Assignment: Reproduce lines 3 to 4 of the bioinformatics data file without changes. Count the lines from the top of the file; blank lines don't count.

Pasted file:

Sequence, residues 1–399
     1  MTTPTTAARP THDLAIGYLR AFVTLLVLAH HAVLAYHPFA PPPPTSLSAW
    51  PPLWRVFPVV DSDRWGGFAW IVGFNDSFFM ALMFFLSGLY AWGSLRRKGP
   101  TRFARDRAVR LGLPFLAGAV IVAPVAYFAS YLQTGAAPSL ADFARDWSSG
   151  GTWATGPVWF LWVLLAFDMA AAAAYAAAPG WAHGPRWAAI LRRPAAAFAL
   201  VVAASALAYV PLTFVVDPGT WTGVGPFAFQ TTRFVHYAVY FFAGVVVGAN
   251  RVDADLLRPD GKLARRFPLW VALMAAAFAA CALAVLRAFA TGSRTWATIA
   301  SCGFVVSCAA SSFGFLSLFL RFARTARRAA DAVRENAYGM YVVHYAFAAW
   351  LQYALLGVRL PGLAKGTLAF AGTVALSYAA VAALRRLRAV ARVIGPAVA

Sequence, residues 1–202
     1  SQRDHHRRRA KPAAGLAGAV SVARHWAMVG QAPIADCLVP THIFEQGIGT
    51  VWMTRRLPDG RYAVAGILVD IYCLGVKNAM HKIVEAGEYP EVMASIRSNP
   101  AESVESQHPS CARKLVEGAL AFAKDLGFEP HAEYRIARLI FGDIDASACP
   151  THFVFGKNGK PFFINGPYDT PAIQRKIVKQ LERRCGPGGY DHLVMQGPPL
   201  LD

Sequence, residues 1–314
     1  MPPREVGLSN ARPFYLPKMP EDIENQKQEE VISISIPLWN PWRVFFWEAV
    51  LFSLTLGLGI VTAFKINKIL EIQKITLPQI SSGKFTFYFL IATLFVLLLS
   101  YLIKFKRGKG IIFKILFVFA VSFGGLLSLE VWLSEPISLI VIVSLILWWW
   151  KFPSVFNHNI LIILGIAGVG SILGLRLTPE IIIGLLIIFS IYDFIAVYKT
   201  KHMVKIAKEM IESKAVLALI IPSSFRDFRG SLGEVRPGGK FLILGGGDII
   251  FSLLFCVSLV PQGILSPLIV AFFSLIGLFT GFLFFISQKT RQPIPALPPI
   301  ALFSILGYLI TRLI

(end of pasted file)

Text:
    51  PPLWRVFPVV DSDRWGGFAW IVGFNDSFFM ALMFFLSGLY AWGSLRRKGP
   101  TRFARDRAVR LGLPFLAGAV IVAPVAYFAS YLQTGAAPSL ADFARDWSSG